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Vancouver lawyer scores win in mandatory retirement fight Add to ...

A Vancouver lawyer who accused his own law firm of age discrimination, challenging its mandatory retirement policy before the B.C. Human Rights Tribunal, has won a key legal victory.

The case, closely watched in legal circles, pits Mitch McCormick, 66, against his law firm, Fasken Martineau DuMoulin LLP. The firm, like many others across Canada, requires most of it partners to wind down their practices as they reach a certain age.

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In a judgment released Thursday, Madam Justice Catherine Bruce of the B.C. Supreme Court upheld a December ruling of the B.C. Human Rights Tribunal, which declared that partners of the law firm were in fact employees and subject to the province's human rights legislation.

Fasken Martineau argued that, as a partnership made up of owners, it was beyond the reach of human-rights legislation, and took the human-rights decision to the B.C. Supreme Court for a judicial review.

The firm has also pointed out that all of its partners voluntarily signed on to the firm's retirement policy as part of their partnership agreements.

But in Thursday's ruling, Judge Bruce agreed with the tribunal's liberal interpretation of the definition of employment, deciding that despite the fact that the law firm is a partnership, it still acts as Mr. McCormick's employer.

All of Canada's provinces have done away with mandatory retirement for most workers. However, many law firms or other professional partnerships still retain a forced retirement age.

(Typically, some distinguished lawyers are allowed to stay on, sometimes not as full equity partners. In Fasken Martineau's case, some partners can apply to continue working, with the title "counsel" to the firm.)

While the ruling is not binding on other courts, legal observers have said Mr. McCormick's case could open other law firms across the country to similar challenges before human-rights tribunals.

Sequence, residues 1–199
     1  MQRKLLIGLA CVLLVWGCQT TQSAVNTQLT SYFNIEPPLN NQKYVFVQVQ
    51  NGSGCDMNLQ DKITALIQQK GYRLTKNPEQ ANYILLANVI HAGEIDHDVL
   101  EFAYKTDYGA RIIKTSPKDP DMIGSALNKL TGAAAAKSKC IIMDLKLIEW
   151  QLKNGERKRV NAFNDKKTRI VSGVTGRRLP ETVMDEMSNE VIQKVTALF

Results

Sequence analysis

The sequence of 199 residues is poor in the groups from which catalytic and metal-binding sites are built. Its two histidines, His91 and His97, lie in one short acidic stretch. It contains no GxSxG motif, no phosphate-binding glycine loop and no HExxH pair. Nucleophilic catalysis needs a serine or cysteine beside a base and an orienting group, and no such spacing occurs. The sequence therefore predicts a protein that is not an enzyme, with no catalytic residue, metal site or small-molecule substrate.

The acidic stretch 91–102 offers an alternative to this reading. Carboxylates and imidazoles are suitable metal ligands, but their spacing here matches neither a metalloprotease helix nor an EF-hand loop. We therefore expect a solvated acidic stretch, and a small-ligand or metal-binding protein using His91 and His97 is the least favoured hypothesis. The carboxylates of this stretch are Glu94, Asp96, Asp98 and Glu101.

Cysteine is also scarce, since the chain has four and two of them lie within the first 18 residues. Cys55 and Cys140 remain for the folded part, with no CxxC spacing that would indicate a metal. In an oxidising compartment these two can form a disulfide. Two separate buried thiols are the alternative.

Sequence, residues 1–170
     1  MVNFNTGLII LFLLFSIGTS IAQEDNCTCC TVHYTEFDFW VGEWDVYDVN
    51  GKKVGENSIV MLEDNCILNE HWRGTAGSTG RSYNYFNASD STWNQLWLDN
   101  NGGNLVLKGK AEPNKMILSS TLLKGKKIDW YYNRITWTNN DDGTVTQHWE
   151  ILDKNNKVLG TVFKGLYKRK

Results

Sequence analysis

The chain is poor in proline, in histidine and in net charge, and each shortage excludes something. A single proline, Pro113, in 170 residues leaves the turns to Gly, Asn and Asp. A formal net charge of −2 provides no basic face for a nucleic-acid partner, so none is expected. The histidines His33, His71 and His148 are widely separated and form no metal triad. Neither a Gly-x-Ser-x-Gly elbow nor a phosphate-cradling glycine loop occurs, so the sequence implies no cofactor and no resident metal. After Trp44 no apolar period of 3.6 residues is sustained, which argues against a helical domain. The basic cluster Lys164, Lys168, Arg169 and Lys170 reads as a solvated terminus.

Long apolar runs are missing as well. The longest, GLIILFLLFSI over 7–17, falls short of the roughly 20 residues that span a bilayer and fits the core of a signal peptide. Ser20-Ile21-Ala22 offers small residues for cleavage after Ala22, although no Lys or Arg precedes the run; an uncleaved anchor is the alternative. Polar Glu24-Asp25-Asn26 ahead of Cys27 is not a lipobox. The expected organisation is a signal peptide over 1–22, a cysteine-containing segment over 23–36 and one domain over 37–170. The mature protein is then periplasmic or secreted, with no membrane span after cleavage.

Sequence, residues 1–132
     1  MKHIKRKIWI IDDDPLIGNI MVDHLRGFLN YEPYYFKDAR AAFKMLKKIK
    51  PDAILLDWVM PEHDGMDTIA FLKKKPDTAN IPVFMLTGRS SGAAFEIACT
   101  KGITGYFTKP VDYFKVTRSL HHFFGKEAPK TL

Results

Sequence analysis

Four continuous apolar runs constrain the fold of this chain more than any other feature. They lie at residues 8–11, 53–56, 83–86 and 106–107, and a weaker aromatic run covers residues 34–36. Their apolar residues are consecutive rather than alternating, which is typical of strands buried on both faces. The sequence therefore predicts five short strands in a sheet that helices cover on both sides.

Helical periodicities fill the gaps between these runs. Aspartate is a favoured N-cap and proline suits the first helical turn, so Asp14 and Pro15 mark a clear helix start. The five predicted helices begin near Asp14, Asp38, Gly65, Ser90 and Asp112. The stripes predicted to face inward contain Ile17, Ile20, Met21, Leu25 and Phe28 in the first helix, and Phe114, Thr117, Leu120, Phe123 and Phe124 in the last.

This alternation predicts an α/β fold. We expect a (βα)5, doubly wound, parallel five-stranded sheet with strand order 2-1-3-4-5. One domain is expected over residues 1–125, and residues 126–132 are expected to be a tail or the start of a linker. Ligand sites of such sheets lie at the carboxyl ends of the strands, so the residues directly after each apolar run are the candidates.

The issue at hand is also only the first stage in Mr. McCormick's battle. Both the rulings are preliminary and only deal with the question of whether B.C.'s human-rights legislation applied to the case. The issue of whether Mr. McCormick was actually discriminated against based on age must still be argued. And the latest decision could still be appealed.

Mr. McCormick, who has spent 41 years at Fasken Martineau's Vancouver offices since articling there in 1970, was supposed to retire shortly after turning 65 last year. Instead, he hired a lawyer and took his firm to the human rights tribunal. He continued working at his firm in the interim.

Fasken Martineau said it was still weighing its next move after the ruling.

"We are disappointed with the decision. We are currently considering the implications of the decision and will explore our options before deciding on any next steps," William Westeringh, the firm's managing partner in Vancouver, said in an e-mailed statement.

Mr. McCormick's lawyer Murray Tevlin said he and his client were pleased with the ruling and intend to press ahead at the tribunal.

 

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